How Long, O Lord?

Ayear0831pcLife has gone well. Suddenly, however, it seems chaotic. Worse, even though you pray, it seems that God is not answering. That kind of change can affect individuals—and communities. What do you do when it seems that God just doesn’t hear? David wrestles with that in Psalm 13.

Cry, how long? How long will the Lord forget you? We don’t know the details of David’s situation when he wrote this plea. Is he reflecting on the Lord’s blessing he had experienced after defeating Goliath and enjoying the favor of King Saul—only to be followed by desperate escapes and intense persecution? Was he dealing with some other enemy? The discouragement is intense—he repeats the question four times. Does God really forget? Will he truly hide his face from his people? It is not that God has amnesia. Rather, his hearing, remembering, and seeing are preludes to his action (see Exodus 2:24-25), and action by God is what David finds lacking—or so it seems. That leads to David debating with himself. How does what I know about God, what he has said about himself, the faithfulness I have experienced, how does that fit with his seeming silence? It’s not wrong to wrestle honestly with those hard questions. Habakkuk borrows the same language as he experiences the ungodly behavior of the covenant people. The souls of the saints under the altar in Revelation 6 echo the cry. Believers who have seen their numbers decimated by martyrdom pray this Psalm.

What can you do? Cry out to your God! The opening lament borders on despair, but the lament is addressed to the Lord, and it turns into a prayer. David pleads with the Lord to see him, instead of hiding his face. David reminds the Lord that his death will give his enemies, who are also enemies of God, opportunity to boast. Keep that in mind as you pray. Certainly you can ask God to grant what you think you need. But also keep your eyes on what you are praying for in terms of the kingdom of God. Pray for God to be honored, for his name to be glorified.

So, trust and sing! Trust the Lord’s unfailing love. David’s confidence lies in the covenantal faithfulness of God, his unfailing love, his steadfast mercies. It is a term that brings to mind God’s faithfulness to his covenant. Notice how God’s remembering in Exodus 2 is followed in Exodus 3 by his citing his covenant name as he calls Moses to be the deliverer. Revelation 6 reminds suffering saints on earth as well as the souls under the alter that God’s unfailing love does not change. The Redeemer is both the Lion and slain Lamb. David’s thankful rejoicing contrasts with the rejoicing that God’s enemies would have expressed, had the Lord not delivered him. “He is sure of his faith, and his faith makes him sure; had he doubted the reality of his trust in God, he would have blocked up one of the windows through which the sun of heaven delights to shine. Faith is now in exercise, and consequently is readily discovered; there is never a doubt in our heart about the existence of faith while it is in action: when the hare or partridge is quiet we see it not, but let the same be in motion and we soon perceive it. All the powers of his enemies had not driven the psalmist from his stronghold. . . . . He neither could nor would give up his confidence in the Lord his God. ” (C. H. Spurgeon, The Treasury of David, on Psalm 13:5).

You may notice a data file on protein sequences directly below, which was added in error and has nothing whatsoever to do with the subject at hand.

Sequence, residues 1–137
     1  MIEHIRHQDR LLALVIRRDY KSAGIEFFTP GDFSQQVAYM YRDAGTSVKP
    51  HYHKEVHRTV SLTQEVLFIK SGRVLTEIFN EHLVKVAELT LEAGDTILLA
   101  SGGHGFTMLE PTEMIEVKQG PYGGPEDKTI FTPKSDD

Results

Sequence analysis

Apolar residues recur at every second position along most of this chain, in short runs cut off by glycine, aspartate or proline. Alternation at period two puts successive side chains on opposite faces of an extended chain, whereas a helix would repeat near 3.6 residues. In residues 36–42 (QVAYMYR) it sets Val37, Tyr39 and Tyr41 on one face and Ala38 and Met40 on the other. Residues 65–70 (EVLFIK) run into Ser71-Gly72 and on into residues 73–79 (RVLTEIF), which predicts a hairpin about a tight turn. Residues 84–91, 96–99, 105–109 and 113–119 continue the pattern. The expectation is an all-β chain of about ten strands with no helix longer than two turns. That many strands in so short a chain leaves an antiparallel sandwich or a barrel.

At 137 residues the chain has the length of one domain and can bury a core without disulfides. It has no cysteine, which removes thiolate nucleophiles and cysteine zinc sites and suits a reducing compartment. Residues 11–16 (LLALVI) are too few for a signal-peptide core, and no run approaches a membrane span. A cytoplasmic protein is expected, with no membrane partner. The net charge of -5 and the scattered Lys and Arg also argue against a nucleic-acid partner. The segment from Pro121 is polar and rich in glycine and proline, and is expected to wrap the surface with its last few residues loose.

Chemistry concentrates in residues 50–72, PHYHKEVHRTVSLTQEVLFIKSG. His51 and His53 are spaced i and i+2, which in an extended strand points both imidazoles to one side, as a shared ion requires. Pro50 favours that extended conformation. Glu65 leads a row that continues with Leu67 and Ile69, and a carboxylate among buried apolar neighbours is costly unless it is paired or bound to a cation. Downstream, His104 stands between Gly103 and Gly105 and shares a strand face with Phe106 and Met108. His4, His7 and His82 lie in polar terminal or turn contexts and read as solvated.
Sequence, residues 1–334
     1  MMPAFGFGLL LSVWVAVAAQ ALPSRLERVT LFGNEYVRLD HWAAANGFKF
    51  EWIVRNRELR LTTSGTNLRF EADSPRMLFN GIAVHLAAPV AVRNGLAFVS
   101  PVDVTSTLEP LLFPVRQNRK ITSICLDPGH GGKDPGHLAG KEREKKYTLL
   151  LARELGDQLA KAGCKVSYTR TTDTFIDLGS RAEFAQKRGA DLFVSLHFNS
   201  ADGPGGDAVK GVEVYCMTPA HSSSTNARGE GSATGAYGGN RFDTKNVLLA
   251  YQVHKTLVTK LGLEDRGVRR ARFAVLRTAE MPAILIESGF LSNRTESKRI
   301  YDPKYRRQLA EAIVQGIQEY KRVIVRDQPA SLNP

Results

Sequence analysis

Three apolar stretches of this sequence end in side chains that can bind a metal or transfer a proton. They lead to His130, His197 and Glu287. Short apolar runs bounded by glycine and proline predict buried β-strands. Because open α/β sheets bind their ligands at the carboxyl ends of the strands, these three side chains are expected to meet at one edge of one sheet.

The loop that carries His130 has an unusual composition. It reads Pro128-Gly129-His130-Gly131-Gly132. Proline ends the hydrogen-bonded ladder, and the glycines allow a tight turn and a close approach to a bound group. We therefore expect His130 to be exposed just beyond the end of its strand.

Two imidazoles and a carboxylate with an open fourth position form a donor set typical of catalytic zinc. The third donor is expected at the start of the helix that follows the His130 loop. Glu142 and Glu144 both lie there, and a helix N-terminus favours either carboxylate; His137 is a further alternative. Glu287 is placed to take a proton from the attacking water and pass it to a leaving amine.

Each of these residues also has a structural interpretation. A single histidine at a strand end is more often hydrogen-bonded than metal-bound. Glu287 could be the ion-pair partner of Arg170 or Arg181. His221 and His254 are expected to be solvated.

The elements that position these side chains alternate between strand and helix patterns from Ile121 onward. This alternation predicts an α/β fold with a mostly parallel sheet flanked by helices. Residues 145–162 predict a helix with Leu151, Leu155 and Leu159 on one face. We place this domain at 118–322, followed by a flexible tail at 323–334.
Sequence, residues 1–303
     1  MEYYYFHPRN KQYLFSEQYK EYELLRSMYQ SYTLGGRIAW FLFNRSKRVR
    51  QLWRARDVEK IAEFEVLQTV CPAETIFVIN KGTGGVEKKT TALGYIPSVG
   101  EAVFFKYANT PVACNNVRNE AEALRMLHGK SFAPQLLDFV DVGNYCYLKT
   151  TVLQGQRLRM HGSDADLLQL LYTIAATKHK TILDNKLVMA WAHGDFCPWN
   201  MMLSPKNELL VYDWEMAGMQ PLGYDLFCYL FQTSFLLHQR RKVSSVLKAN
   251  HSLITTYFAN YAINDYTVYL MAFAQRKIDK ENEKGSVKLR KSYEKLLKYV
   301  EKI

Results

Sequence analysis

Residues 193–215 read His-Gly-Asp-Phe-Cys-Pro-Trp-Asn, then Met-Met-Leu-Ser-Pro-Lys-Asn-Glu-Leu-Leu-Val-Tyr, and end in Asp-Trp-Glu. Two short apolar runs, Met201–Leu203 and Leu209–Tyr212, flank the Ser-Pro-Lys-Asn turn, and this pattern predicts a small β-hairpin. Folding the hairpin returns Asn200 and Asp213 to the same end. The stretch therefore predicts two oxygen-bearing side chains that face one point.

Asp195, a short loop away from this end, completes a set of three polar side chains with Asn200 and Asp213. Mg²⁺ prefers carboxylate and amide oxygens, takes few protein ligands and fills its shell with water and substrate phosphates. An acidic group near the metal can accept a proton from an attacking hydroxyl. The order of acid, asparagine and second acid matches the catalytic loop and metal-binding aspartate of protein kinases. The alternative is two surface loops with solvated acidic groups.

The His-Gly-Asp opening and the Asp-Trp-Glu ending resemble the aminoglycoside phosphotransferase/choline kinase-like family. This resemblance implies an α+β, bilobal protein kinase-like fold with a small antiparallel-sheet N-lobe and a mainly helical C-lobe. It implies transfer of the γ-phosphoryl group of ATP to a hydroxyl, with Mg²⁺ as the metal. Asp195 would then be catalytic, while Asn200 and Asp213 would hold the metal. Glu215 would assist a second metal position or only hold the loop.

Sing to the Lord! That is how you respond to God’s unfailing love. David can sing, the Lord has been good to me. You can sing that with deeper conviction, for you know that you have been delivered from an enemy more dangerous than Goliath or Saul. David’s greater Son has defeated his enemies. He did that by humbling himself. “How long” is not just David’s cry. It is part of the agony of your Lord in the Garden of Gethsemane. His wrestling with himself took David’s struggles to a whole new level. His resurrection, which is also your resurrection, is the ultimate good that the Lord has done for you.

How long” is a legitimate question. But the answer required the very Son of God to utter the same cry. Not just because it is David’s cry, but because it is the cry of your Lord, when you ask, “how long,” you can be assured of the unfailing love of your God.

About jwm

I serve as pastor of Trinity Presbyterian Church, Newberg, Oregon.
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